Strawman argument

X believes Y.
I’ll attack argument Z.
Therefore argument Y fails.

A strawman argument is when you attack a similar but different argument than the argument presented because it’s easier to refute.

A common argument you hear from pro-choice people is that pro-lifers want to enslave women. No pro-lifer wants to enslave women. But it’s easier to dismiss the pro-life position when making such an extreme claim.

Another argument you hear is that skin cells are human, so pro-lifers should be against the death of skin cells (they might make their argument a bit more colorfully, like saying if abortion is homicide, then masturbation is mass murder). But here, they’re actually attacking a strawman. We don’t claim that it’s wrong to kill skin cells. This is because there’s a difference between a skin cell and an unborn human. The skin cell is just part of a larger organism; left on its own, it will never be anything but a skin cell. However, the unborn human is an organism, developing itself from within into a more mature version of itself, along the path of human development. There’s a major difference between the two.

Begging the question

This is one that confuses a lot of people. Usually when someone says “that begs the question,” they really mean “that raises the question.” But when someone begs the question, they assume that a statement or claim is true without evidence other than the statement or claim itself.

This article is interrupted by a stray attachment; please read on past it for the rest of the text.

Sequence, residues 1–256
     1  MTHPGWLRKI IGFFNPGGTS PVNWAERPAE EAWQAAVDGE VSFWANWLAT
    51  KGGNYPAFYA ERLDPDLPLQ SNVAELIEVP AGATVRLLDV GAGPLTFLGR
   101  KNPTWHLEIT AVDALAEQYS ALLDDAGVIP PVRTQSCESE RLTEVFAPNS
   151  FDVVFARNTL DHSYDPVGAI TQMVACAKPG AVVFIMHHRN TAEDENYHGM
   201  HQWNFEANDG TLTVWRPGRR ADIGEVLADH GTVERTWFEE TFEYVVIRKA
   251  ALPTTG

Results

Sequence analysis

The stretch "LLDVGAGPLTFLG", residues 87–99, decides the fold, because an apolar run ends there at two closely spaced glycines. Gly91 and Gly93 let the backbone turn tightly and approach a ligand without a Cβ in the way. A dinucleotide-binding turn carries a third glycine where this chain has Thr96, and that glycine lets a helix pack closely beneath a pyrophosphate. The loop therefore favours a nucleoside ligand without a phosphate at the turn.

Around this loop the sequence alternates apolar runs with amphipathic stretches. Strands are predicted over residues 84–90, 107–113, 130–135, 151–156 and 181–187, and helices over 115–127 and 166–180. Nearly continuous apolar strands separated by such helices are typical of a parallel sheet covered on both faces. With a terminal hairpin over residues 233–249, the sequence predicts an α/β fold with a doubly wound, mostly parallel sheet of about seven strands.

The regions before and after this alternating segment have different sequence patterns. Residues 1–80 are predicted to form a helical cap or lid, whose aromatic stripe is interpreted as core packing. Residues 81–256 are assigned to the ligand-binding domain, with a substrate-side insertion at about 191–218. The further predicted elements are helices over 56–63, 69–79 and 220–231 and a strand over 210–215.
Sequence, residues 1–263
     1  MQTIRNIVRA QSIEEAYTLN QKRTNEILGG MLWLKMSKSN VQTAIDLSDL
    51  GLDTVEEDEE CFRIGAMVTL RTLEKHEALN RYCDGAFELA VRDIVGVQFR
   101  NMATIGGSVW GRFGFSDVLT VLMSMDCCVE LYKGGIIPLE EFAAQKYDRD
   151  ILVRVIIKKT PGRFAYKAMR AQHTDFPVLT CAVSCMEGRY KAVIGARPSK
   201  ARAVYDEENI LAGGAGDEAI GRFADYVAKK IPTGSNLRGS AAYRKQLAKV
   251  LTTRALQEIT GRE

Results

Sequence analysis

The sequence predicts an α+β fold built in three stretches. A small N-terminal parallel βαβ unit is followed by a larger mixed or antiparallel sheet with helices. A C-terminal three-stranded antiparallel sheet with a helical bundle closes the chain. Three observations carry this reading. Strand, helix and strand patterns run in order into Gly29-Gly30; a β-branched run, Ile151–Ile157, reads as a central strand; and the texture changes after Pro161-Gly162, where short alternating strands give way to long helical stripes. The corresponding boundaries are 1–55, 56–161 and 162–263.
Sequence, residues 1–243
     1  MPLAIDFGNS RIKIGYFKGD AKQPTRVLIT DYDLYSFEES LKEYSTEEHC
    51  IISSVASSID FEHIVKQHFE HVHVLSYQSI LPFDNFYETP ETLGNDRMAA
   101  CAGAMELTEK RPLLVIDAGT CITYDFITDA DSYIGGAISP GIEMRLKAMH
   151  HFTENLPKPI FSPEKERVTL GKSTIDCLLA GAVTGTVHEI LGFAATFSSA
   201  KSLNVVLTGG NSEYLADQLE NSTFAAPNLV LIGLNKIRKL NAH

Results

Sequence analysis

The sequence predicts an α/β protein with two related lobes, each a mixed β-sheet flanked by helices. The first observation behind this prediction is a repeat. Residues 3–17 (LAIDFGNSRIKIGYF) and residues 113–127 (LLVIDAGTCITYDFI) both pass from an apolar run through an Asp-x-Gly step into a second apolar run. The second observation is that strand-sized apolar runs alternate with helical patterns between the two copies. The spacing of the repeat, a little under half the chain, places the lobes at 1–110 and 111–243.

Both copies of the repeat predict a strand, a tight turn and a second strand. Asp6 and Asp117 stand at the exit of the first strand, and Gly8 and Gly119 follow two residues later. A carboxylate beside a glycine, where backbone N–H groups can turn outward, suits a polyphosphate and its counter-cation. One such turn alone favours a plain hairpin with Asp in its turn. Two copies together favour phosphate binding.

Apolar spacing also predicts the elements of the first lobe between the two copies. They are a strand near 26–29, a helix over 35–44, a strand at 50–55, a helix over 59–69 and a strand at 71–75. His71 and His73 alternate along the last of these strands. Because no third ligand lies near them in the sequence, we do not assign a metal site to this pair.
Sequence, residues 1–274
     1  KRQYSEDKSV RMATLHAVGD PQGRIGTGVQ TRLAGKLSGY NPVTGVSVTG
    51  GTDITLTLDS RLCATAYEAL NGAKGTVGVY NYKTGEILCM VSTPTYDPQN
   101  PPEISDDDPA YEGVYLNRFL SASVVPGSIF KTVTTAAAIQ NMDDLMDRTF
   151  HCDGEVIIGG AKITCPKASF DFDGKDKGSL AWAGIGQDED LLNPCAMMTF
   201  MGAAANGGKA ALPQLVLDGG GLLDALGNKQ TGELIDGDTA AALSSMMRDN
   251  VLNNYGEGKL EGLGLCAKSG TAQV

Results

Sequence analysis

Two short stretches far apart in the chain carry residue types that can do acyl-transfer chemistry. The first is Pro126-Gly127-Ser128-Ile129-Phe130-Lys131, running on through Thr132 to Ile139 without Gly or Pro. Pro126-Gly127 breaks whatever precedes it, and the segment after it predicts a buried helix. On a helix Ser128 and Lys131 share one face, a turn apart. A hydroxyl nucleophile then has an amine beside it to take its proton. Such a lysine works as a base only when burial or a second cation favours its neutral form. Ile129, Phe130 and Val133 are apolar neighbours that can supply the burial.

Pro-life people do this a lot, when they talk of abortion killing a baby. If your argument includes talk of killing a baby, but you have not proven whether or not the unborn are babies, you are begging the question.

Pro-choice people do this, too, usually when they talk of viability making someone a person. For example:

“The unborn are not persons.”
“Why are they not persons?”
“Because they’re not viable.”
“Why does viability make someone a person?”
“Because they can survive outside the womb.”
“Why does surviving outside the womb make someone a person?”
“Because they’re viable...”

And around you go. This is an example of circular reasoning, but they are begging the question by assuming that viability makes the unborn a person without actually proving it.